We were still thinking about this when the Border Patrol vehicles re-emerged from the woods, carrying about 14 people accused of crossing the border.
They were taken out of the woods and questioned as we watched. It was an impossibly scenic spot, atop a levee and next to an oxbow lake in the last of the afternoon light.
The detainees were all under 30: men, women and several children. One gave his birth date as 2003. Another migrant was a toddler.
The kids were neatly dressed. It’s said that coyotes, or smugglers, often arrange for new clothes so the migrants will fit in when they slip into U.S. neighborhoods — just as they might arrange for the toothbrushes, or for the wooden ladders we found scattered around.
The kids were especially calm, given the enormousness of the journey now ending. Questioned by the agents, some of the migrants said they were from Mexico; others from farther away — Guatemala, Honduras. They got their feet on United States soil. Now they very likely faced a journey back to the places from where they came.
For now the party was bound for a Border Patrol station, though it was held up while agents awaited the arrival of a child’s car seat. That seat represented the ironies we found along the whole length of the border: how a child could make a perilous journey, possibly thousands of miles, finally to be held up for want of safety equipment. How the Border Patrol would carefully watch the safety of children before sending them back to some desperate situation.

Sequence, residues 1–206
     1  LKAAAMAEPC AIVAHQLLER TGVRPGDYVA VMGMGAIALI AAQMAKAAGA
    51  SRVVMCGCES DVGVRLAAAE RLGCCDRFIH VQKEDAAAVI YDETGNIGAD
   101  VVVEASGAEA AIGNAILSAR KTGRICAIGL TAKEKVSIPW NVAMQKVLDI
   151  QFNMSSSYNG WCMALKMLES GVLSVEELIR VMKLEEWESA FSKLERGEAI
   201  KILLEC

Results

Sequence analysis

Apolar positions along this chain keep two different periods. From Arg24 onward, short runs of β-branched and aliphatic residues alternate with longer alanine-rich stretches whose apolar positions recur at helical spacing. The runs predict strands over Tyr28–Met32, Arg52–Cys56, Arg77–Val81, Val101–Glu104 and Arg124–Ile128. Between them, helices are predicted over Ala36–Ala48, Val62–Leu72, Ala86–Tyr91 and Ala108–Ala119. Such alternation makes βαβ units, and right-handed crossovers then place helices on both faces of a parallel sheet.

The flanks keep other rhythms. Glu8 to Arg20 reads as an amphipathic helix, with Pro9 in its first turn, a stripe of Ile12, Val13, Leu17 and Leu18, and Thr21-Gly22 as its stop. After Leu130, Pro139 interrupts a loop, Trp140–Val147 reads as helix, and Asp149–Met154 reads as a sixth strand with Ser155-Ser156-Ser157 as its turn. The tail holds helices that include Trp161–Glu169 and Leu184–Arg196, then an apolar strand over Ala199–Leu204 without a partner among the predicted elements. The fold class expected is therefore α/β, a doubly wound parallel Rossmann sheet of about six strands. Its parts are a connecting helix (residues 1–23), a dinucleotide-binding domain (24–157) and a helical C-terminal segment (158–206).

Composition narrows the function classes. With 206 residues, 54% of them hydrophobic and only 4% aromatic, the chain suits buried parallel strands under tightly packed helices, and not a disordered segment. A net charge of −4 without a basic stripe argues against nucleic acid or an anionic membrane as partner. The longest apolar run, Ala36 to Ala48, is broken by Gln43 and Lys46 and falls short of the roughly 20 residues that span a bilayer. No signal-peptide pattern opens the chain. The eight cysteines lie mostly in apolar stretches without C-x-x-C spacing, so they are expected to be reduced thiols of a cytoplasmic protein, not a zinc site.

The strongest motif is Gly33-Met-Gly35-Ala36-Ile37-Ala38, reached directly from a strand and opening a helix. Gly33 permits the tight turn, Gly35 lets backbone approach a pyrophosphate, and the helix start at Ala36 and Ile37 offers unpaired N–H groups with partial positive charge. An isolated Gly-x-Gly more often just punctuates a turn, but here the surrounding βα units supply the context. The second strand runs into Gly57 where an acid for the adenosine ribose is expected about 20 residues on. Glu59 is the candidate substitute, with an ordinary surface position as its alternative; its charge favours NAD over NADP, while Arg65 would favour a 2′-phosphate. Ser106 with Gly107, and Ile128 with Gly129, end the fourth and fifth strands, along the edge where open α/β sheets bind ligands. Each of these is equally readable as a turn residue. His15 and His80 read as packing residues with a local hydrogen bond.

Above all, it represented how this concrete border wall could not stop young people from attempting to cross; and though they were caught, we knew from our talks with other migrants that some might well try again.
Vendors will walk in the hot sun, in the air polluted by thousands of idling cars, to take advantage of those like us — just sitting there, with no access to food or bathrooms.
One vendor told us he can make $100 a day on weekends. To him and his seven children, that's pretty good.
And languages crisscross easily. But along la frontera, the choice of English or Spanish can be a political statement as much as a linguistic one. Vocabulary, too, can betray a political bias.
For example, the U.S. put up a "fence" at the border ... or is it a "wall"? Border Patrol insists on the former, while Oscar Casares, a writer from Brownsville, told us that "wall" is "more honest."